Let’s face it — there are two kinds of people in this world: those who host parties and those who don’t.
If you’re a host, odds are you know what you’re doing. You’ve read the guides. You’ve pored over Pinterest. You’ve perfected your style through bashes aplenty.
But if you’re a serial attendee, there’s a good chance you’ve never put a passing thought into guest etiquette. What’s the big deal, right? You show up, mind your alcohol consumption, say thank you and leave. Simple, right?
Throwing a party is expensive and time-consuming. And, as some Twin Cities party people confirmed, being a good guest means more than avoiding getting smashed and not spilling red wine on the white sofa. With holiday fetes just around the corner, it’s time to get serious if you want those invites to keep rolling in.
Our guide on the best guest dos and don’ts will transform you from an ill-mannered invitee into a punctual, gift-carrying, coaster-toting gala hero — and will likely get your name on the guest list at many soirees to come.
The faux pas: Neglecting to RSVP.
Why it’s a problem: If hosts don’t know you’re coming, they can’t plan for seating, plates and glasses, food and drinks.
Expert says: Don’t assume the host knows you’ll be there and don’t make them track you down for an answer.
“With technology now, so many people do paperless posts,” said Amy Fuerstenberg of Mi Mi Design, a Minneapolis wedding planning company. “And it still astonishes me that folks don’t RSVP. It’s so easy! Click, click! Done.”
The faux pas: Arriving early.
Why it’s a problem: The minutes before a party is set to start often are the most hectic for the host, who is probably not quite ready to entertain you yet.
Expert says: “That’s the war zone,” Fuerstenberg said of the hour before a party starts. “Just don’t come early.”
The faux pas: Staying too late.
Why it’s a problem: The host is trying to wrap things up and start post-party cleanup. Hanging around after the fun is done is simply impolite.
Expert says: “It’s the classic ‘Just one more, man,’ ” said Jesse Held, the bar director at Jester Concept restaurants, who works many private events. “And I’m like, ‘Hey, I’m trying to clean up and get out of here.’ ”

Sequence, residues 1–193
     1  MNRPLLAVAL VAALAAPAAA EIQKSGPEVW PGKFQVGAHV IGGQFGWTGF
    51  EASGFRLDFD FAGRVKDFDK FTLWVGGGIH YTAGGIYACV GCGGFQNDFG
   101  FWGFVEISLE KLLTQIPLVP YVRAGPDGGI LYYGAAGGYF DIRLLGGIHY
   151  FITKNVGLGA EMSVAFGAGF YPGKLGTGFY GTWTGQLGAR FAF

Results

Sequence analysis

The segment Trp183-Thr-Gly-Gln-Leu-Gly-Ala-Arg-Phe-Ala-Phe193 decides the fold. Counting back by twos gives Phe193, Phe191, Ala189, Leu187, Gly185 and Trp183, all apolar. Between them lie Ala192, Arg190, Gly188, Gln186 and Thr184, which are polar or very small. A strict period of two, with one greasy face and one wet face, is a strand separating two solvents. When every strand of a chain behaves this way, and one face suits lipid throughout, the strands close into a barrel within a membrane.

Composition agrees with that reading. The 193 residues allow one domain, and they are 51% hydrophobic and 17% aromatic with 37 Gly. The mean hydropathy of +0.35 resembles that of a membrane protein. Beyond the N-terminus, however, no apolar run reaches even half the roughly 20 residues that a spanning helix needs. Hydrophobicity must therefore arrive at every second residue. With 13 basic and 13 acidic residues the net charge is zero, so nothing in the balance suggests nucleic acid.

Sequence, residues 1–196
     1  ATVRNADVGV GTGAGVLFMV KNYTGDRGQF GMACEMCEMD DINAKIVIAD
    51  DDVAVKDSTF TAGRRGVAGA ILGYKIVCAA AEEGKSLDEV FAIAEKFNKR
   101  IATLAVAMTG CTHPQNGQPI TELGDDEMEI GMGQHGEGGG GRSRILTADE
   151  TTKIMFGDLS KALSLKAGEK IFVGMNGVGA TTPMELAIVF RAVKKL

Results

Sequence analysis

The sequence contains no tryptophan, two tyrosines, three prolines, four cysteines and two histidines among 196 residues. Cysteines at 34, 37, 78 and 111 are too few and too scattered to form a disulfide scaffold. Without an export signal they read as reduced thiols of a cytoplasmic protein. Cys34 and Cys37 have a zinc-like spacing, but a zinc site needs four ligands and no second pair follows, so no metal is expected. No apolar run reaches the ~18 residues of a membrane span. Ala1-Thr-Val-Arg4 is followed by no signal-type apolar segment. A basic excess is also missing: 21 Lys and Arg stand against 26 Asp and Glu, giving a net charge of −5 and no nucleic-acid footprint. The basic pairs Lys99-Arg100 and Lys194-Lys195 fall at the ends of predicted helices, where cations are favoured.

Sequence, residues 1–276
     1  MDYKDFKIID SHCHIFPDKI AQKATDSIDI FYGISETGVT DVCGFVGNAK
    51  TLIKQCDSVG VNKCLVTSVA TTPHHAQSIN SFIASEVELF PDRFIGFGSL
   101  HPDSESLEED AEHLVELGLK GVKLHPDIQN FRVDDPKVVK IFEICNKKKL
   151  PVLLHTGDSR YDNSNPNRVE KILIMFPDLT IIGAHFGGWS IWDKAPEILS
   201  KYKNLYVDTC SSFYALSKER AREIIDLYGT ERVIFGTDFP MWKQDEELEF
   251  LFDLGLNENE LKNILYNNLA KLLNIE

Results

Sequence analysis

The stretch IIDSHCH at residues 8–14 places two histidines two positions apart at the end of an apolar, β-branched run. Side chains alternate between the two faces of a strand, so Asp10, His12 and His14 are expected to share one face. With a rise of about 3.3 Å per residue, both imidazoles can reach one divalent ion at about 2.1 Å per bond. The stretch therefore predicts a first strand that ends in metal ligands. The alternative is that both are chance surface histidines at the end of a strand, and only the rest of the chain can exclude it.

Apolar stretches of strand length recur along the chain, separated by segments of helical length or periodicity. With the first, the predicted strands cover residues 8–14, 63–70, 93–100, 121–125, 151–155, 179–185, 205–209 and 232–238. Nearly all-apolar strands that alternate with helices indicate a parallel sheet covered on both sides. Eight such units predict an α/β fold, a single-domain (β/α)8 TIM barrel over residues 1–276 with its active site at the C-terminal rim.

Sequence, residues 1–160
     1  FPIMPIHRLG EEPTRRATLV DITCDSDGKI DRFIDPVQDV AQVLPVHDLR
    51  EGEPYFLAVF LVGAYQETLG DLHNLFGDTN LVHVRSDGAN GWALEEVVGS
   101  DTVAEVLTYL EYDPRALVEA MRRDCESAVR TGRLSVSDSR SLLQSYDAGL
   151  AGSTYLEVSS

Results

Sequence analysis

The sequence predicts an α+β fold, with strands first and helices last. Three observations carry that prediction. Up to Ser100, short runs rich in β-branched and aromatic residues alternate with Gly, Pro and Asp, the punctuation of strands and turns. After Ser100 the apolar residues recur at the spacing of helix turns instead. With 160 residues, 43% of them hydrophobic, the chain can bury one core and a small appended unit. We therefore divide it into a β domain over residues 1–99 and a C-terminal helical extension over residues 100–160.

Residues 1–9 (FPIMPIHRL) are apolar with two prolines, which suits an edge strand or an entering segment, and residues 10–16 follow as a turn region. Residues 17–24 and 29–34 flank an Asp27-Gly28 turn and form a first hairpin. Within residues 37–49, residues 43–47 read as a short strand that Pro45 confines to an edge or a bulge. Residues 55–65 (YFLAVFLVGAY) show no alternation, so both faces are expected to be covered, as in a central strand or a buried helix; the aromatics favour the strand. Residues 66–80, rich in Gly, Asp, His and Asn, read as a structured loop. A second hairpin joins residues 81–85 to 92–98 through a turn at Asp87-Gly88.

The faux pas: Loitering in the kitchen — without offering a helping hand.
Why it’s a problem: If the host is trying to prepare drinks or finish last-second dishes, you’ll likely be in the way or, worse, keep other guests from getting their cocktails or food.
Expert says: “I love talking to people,” said Becky Harris of Event Lab in Minneapolis. “But the kitchen during a party is not always the place.”
The faux pas: Acting a little too much like you’re at home.
Why it’s a problem: A party is essentially a home invasion that comes with enough work as it is.
Expert says: Held has seen people move furniture and dig through bathroom amenities like makeup and hair products. But one of the most common blunders, Harris said, is neglecting to use a coaster for drinks.
“It’s rude to assume the host will just clean up after you,” she said. “Take your glass and wadded-up napkin to the kitchen.”
The faux pas: Mumbling gratitude on your way out the door.
Why it’s a problem: Saying “Thank you!” is great, but it’s important to make it meaningful.
Expert says: “You should always thank your host twice,” Fuerstenberg said. “You thank them that night and then you follow up the next day just to let them know you’re still thinking about it and that you really appreciate it.”
You can call, text or e-mail. You don’t have to send a card. But it would be nice. …
The faux pas: Asking uninvited friends along.
Why it’s a problem: Springing an extra attendee on a host might not seem like a big deal, but it can throw party preparation — drinks, food, seats, etc. — out of whack, for gatherings large or small. Besides, many hosts carefully select guests based on space and the chemistry of the group.
Expert says: “It can be a game-changer,” Fuerstenberg said. “And there might be a method to the madness of why the host didn’t invite them.”
The faux pas: Never returning the favor.
Why it’s a problem: Best tip for being a good guest? Be a host every once in a while.
Expert says: “It doesn’t have to be a dinner party if you’re not really a cook or a planner,” said Mpls.St.Paul magazine’s Stephanie March, who throws and attends plenty of parties. “It doesn’t have to be at your house, even. We could go have a cocktail or eat somewhere else. Just make the effort to say ‘Come join me,’ and take care of the bill. It’s the actual invitation that matters.”